Sharing the details of my story helped me love myself and accept the love that was given to me by others. Before I published my book, I shared it with the people in my life whose relationships I valued the most. Knowing that they knew all these things about me and still loved me anyway—or even more—because of it, has been hands-down the most healing part of my journey thus far. Before I shared a complete version of my story, I’d leave out the stuff that was embarrassing or shameful to me, and I hung onto and internalized that shame until the moment I communicated the shameful thing to another person. Sharing my story with the important people in my life solidified a sacred bond between us. My teenage and adult rapes came with so much blame and shame and guilt from myself and from so many of the people around me that it destroyed me from the inside out. The only way I found to turn the shame and guilt into something healing and empowering was to share my story with those around me. But I never thought I’d be sharing my story with the world.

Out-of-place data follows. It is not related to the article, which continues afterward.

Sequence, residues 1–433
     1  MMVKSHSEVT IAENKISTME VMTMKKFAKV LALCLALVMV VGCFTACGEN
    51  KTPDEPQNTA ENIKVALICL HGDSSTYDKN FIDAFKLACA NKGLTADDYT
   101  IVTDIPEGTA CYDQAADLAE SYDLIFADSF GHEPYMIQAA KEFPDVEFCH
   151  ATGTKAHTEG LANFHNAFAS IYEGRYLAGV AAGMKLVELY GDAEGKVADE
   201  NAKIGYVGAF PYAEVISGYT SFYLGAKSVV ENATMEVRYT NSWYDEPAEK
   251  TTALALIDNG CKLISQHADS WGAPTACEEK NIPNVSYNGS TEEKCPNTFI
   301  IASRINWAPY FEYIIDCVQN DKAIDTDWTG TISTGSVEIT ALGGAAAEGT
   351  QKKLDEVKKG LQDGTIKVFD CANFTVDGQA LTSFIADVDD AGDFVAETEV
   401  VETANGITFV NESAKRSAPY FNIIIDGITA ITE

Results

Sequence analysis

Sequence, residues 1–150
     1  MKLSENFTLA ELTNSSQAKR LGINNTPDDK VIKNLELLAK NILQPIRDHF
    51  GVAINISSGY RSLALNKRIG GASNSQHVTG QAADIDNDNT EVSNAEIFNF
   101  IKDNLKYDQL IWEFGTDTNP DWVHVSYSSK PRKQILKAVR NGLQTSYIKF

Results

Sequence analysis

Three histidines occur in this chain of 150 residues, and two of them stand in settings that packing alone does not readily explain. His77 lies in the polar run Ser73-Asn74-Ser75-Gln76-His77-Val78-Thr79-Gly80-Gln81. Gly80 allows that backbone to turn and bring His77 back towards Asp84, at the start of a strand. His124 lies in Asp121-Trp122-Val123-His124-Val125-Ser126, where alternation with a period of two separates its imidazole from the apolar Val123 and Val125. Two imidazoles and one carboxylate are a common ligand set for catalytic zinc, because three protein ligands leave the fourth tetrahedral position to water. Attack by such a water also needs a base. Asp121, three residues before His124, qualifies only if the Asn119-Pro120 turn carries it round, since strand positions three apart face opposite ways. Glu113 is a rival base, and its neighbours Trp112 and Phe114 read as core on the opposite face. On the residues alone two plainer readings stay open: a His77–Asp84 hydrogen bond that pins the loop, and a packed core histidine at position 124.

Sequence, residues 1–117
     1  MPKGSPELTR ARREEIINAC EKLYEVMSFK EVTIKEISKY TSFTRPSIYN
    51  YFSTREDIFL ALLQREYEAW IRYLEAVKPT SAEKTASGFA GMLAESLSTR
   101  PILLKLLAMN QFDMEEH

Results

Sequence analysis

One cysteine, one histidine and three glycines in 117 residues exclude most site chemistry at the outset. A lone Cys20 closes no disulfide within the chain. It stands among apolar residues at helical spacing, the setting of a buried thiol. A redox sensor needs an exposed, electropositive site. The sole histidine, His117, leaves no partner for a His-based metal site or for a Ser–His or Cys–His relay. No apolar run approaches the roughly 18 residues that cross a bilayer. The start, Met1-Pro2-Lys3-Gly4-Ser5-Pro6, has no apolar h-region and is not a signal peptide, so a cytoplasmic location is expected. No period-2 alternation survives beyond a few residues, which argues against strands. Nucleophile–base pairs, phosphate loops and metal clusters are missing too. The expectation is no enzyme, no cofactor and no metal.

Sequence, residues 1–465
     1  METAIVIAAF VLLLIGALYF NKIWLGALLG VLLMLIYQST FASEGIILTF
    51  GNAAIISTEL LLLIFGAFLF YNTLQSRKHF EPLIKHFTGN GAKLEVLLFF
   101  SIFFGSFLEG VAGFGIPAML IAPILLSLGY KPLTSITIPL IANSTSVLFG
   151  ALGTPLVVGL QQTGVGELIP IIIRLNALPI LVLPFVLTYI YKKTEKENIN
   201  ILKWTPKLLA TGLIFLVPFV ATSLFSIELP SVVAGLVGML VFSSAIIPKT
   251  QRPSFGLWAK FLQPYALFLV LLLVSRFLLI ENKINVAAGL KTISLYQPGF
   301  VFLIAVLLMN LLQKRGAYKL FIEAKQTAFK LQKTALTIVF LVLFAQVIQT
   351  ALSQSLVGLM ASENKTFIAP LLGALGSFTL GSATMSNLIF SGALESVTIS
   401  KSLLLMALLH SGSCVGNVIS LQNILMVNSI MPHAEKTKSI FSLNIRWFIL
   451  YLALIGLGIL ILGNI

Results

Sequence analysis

Sexual trauma comes with an unparalleled amount of social shame and blame attached to it. The societal attitude toward survivors of sexual trauma needs to be changed, and I don’t know how else that can be done without attaching the words “rape” and “sexual assault” to a human being. So often, those words are treated as legal terms that are dissected and questioned and doubted so much that survivors are, at best, treated like a piece of paper that society can crumple up , shred, set on fire, or otherwise dispose of. We are treated like pariahs at worst. But we are human beings, these are human experiences, and I will not let my society tell me when or how or where I can share my human experience. I will not let my society tell me how I should have acted or re-acted. I will not let my society define my experience for me, and that is why I share my story widely.

I share my story to answer the questions—Why were you there? Why were you drinking? Why didn’t you fight back? Why didn’t you call the police? Why did you tell people it was just “bad sex” and now you’re calling it rape?—that so many people ask survivors of sexual trauma, so they will know that these questions are not the questions we need to be asking.

Re-telling our stories helps us not feel alone, and it validates experiences in a society that makes us doubt our own reality. But the path I took for my healing isn’t for everybody, nobody is less of a survivor if they don’t re-tell their story, but I think we can all learn something from those who do choose to share.

To read my story, check out Fortitude: A PTSD Memoir. The e-book version is FREE on Amazon through November 14th.